After my brief mention the other day of ReadyTalk's new release announcement, I got a note from Mike McKinnon, their Social Media Director (Don't look at me like that... That's the job title on his email signature!)
Mike offered to take me on a pre-release tour of the new features. We met using the ReadyTalk software and integrated telephone conferencing. You join a meeting as an audience member by going to the company's website in your favorite web browser and entering the meeting number your host has sent you. The meeting page loads a Java application within the browser window and all actions occur within that space. There is no client software installed on your PC hard drive. Because of this web-based approach, all the major operating systems and browsers are supported (anything that can handle Java, which is just about universal these days). Mike proudly pointed out that their development staff includes people using Windows, Macintosh, and Linux computers.
One of the weaknesses of the browser implementation is that you get a big empty launch page in your browser that has to stay open throughout the meeting (although you can minimize that window to your task bar). There is a message telling attendees that "Your meeting will end if you close this window, refresh this page, or click Back or Forward." Unfortunately, in any meeting of a reasonable size, Murphy's Law says that someone will mess with that window either by accident or to test the truth of the message. (There is a confirmation window popup if you try to navigate away from the launch page.)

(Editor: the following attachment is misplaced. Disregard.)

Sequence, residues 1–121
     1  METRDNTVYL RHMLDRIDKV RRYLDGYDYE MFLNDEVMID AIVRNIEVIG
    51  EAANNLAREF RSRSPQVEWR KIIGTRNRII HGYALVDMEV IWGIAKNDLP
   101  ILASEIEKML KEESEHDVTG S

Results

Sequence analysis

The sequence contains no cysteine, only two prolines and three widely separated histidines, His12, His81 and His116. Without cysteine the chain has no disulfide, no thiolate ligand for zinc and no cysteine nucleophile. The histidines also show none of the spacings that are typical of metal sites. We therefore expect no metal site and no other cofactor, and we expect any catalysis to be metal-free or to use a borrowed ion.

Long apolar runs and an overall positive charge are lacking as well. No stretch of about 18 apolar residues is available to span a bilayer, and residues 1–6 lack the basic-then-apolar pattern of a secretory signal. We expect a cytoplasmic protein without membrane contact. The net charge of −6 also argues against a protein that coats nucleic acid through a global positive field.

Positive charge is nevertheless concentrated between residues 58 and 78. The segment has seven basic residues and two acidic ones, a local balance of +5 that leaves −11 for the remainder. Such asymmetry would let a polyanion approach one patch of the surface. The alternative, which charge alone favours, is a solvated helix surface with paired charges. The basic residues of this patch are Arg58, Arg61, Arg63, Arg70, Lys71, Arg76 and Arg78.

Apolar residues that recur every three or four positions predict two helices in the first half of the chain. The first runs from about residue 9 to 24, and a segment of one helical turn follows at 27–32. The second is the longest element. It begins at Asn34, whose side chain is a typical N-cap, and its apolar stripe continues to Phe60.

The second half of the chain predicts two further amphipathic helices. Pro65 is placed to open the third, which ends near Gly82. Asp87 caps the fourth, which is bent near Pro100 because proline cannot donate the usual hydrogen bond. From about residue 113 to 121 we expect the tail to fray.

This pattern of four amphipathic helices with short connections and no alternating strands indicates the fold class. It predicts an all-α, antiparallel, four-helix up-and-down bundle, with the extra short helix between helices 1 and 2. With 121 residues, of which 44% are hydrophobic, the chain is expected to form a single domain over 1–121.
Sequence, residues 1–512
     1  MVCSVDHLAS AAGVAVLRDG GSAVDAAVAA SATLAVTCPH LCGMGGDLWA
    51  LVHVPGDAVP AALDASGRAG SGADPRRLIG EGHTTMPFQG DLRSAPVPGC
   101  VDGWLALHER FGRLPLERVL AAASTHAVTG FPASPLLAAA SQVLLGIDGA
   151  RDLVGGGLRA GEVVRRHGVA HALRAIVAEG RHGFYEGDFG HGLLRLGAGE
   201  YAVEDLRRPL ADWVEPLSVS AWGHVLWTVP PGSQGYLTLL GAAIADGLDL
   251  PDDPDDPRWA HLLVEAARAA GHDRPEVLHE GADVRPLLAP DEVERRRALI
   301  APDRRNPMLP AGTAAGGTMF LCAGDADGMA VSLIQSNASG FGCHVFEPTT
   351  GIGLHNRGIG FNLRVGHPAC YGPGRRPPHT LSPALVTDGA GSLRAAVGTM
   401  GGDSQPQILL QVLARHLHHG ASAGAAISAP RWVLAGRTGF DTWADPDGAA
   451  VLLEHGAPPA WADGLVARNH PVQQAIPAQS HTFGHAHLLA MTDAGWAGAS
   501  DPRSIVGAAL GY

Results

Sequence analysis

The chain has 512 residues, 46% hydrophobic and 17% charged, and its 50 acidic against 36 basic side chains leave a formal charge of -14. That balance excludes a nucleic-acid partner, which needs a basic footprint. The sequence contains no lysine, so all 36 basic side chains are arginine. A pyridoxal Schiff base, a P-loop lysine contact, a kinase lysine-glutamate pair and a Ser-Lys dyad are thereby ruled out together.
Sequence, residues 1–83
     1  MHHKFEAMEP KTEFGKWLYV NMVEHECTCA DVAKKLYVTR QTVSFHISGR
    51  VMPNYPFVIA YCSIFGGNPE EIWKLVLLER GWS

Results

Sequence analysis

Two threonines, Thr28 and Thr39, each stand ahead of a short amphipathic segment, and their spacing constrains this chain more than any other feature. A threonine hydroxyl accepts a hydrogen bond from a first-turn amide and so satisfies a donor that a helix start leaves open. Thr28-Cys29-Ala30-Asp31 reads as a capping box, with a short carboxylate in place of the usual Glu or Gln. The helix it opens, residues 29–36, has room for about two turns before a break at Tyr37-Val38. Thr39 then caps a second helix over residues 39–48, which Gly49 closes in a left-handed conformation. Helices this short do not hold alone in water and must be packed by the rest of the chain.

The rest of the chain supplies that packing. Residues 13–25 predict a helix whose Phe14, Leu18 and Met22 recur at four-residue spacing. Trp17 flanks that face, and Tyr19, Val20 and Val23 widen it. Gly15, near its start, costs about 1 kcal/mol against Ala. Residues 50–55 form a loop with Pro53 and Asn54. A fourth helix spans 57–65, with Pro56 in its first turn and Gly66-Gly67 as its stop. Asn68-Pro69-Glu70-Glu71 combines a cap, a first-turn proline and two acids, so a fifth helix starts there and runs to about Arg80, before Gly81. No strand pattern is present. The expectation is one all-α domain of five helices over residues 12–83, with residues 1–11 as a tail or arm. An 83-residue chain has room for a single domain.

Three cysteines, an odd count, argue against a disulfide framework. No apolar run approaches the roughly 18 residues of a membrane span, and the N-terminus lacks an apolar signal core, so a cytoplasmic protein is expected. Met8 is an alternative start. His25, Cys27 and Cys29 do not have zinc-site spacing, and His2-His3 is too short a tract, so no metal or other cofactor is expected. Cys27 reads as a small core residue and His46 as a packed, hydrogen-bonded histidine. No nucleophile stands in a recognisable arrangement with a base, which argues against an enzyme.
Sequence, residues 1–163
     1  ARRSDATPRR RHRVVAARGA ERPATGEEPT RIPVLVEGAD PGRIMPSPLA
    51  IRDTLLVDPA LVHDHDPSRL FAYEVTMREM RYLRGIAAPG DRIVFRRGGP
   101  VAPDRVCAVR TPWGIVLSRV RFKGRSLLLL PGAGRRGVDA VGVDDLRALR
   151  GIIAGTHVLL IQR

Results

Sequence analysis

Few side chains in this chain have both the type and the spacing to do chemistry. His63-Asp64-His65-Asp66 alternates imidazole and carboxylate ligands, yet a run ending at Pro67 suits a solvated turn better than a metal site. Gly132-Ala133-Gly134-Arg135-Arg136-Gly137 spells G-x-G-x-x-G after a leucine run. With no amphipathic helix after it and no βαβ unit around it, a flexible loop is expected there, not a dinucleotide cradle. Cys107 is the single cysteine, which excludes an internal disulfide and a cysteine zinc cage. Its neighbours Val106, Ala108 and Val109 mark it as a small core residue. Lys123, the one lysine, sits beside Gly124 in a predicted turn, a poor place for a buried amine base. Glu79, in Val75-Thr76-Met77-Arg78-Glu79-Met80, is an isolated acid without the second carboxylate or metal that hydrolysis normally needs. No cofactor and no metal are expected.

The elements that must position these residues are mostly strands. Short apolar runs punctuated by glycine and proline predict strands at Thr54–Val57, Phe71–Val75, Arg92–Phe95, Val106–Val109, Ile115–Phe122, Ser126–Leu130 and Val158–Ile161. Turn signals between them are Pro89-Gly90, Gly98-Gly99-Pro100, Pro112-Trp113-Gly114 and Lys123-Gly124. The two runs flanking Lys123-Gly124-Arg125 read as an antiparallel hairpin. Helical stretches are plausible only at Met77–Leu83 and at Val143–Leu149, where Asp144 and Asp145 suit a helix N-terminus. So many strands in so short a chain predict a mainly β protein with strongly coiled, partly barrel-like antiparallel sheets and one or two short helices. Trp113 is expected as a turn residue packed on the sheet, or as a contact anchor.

ReadyTalk is still primarily a collaborative meeting room product that sometimes gets used for auditorium-style events. Its roots came from a desire for a product without a lot of bells and whistles that would let people meet online quickly and easily, without connection problems or installs requiring administrator-level authority. For this reason, the product doesn't contain features such as integrated registration pages for scheduled events or fancy audience feedback indicators. A standard use license lets you hold a conference with up to 96 participants, although you can make arrangements with ReadyTalk if you need to host a larger event and they'll provision more ports.
I find the ReadyTalk presenter and attendee interface to be intuitive and easy to work with. I can't imagine people would need much in the way of formal training, although if you've never worked with things such as online annotation tools, you might want a pointer on how to use the pointer. Speaking of annotations, they don't have all of the features I like (such as being able to drag a box around an item), but the ones that are there are designed well. Pointers point to the right so you can place them next to text without covering up the content (Seems obvious until you run across a company with big left-facing pointers!) You can drag and drop an annotation around the screen. You can erase a single annotation or all annotations with a single mouse click, instead of requiring you to go through multiple selections and confirmation messages. They also didn't implement a "laser pointer" (drag a red dot around the screen), which makes me happy. It's the most overused annotation tool by presenters and usually doesn't look good on audience screens.